Thursday, May 08, 2008

Gang Warfare

Gang Warfare; Saskatchewan Style©

By George Epp

Reading the paper over breakfast is a routine that can make or break your day. This morning, I read an editorial in the Saskatoon StarPhoenix that didn’t do much for my mood. The headline said: Anti-nuke gang won’t carry day in province now. The gist of it was that Saskatchewan has come to its senses since it turned down a proposal to build a uranium refinery back in the 1970s, supposedly as a result of the work of the “anti-nuke gang.” One paragraph pretty much sums up the argument:

Had the radicals not knocked Saskatchewan out of the game, first in the 1970s and again in the 1990s, this province could have been a world leader not only in extracting raw uranium but in milling and refining and processing it and using nuclear power to generate electricity. It also might have meant this province would be the world leader in the most lucrative side of the business—finding a secure location in the stable Canadian Shield to permanently store the wastes.

Later, in coffee row, the conversation turned to the decimation of the BC forests by the Mountain Pine Beetle. Someone said that the outbreak had started in a national park and environmentalists had successfully lobbied against spraying and that dealing with the pest at that time would have prevented what we are seeing today. Someone else said, “Those damned environmentalists!”

Are people who actively promote the protection of the environment really “damned?” Do they run around in “gangs?” Is common sense on the side of economic growth, or is it on the side of the protestors? Today, I felt attacked. Well, call me sensitive!

Environmentalists and assorted “tree-hugging” activists are as likely to make foolish errors in judgment as anybody else. The criticism leveled in the StarPhoenix appears to be that nuclear energy is a clean, safe way to make a pile of money, and we’d be stupid not to buy into the concept. Ergo, the “anti-nuke gang” has foolishly sabotaged the happiness of the entire province.

(For the “anti-nuke gangs” of a few decades ago, Chernobyl and Three Mile Island were fresh in memory, and they can surely be forgiven for not wanting to put the label “safe if used as directed” on any nuclear facility.)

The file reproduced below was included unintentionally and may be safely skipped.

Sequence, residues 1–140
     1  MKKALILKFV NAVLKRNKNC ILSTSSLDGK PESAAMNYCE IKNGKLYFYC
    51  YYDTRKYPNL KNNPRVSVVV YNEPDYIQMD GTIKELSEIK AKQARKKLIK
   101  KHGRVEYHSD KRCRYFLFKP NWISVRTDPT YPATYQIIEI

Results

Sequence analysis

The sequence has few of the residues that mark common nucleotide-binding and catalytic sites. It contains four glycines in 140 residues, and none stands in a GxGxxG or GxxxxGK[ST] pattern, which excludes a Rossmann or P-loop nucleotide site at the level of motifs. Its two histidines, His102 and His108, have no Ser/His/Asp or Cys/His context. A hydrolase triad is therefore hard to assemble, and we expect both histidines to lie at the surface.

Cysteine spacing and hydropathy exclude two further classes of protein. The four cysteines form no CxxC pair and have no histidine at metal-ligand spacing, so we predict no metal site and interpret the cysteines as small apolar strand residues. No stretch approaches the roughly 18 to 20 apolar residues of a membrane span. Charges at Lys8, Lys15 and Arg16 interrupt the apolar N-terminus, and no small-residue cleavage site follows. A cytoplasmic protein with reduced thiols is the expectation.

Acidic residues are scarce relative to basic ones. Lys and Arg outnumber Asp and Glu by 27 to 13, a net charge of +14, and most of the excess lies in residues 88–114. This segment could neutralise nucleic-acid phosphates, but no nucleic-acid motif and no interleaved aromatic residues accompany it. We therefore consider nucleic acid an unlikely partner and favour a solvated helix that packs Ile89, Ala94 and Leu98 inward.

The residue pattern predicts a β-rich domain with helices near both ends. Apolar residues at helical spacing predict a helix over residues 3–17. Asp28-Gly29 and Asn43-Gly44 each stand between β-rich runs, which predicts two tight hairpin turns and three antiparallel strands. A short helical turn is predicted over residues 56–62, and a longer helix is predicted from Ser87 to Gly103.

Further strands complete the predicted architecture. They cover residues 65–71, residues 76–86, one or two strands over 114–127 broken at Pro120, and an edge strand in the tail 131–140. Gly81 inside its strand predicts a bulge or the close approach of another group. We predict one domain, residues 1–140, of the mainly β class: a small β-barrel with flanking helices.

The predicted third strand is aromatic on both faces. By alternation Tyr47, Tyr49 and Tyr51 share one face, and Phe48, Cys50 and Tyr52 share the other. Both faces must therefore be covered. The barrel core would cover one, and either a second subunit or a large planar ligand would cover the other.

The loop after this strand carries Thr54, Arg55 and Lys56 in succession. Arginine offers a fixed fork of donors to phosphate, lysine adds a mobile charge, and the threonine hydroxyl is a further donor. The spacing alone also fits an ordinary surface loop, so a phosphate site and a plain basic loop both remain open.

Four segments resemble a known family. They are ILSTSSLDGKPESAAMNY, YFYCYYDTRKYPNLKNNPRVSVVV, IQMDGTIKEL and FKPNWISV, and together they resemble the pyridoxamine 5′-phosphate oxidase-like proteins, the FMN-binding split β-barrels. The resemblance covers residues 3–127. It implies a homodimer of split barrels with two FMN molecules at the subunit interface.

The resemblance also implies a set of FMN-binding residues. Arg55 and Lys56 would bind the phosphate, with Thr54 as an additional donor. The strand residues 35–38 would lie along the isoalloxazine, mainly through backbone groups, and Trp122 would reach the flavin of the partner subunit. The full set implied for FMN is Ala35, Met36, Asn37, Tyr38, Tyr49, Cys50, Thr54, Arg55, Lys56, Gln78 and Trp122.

But are proponents of nuclear energy justified in declaring it safe now? Are there good reasons to believe that the Canadian Shield provides a safe place for disposing of nuclear waste? These questions still have to be answered to my satisfaction.

Nuclear power plants are terribly expensive to set up and maintain . . . and to decommission. How many wind generators could be purchased for the same amount, I wondered. So I searched the web for information and found some. For instance, is a web page that allows you to enter your location and energy-use information, after which the viability of setting up your own wind generation facility is calculated.

I learned this: Rosthern is a good place for wind generation; to set up my own small wind generator would cost about $16,000 complete; this generator would provide me with half my current electrical needs. Downside: the cost recovery period would be about 52 years. The life expectancy of such a wind generator would be about 25 years.

What if the provincial government were to subsidize the cost of these generators to make them more viable for individuals? Say, with a $10,000 initial grant and a yearly maintenance subsidy of, say, $200.00. That would make it cost-effective for individuals. Suppose they coupled this with an aggressive conservation program. (I’m sure I could cut my electrical needs in half if you put a taxation gun to my head.)

Mind you, the spectacle of a wind generator 30 meters above every house in Rosthern would be . . . odd.

Add solar panels, water power and you’d have a province where energy production left no carbon footprint whatsoever. Well, except for the oil we will be extracting in the future tar sands project up near La Loche.

There’s another gang forming. The powers that be should take note. It’s an anti-growth gang, and they may soon be hard to stop. They’re much like the anti-nuke gang except that they will argue convincingly and loudly that the economic growth mentality is not only destructive, but unnecessary. “Unsafe” for them won’t just mean the possibility of accidents; it will mean the far greater danger of feeding a feverish economic growth shibboleth to the point of insanity and planetary ruin.

We don’t need to grow more energy; in particular, a nuclear energy alternative for Saskatchewan is a want on the part of the “economic growth gang.” It is not a need of the population. But given our current “free enterprise” government, we will likely see an all-out verbal battle between the two gangs, after which the growth gang will undoubtedly defeat those “damned,” dreamy environmentalists.

Or maybe not.

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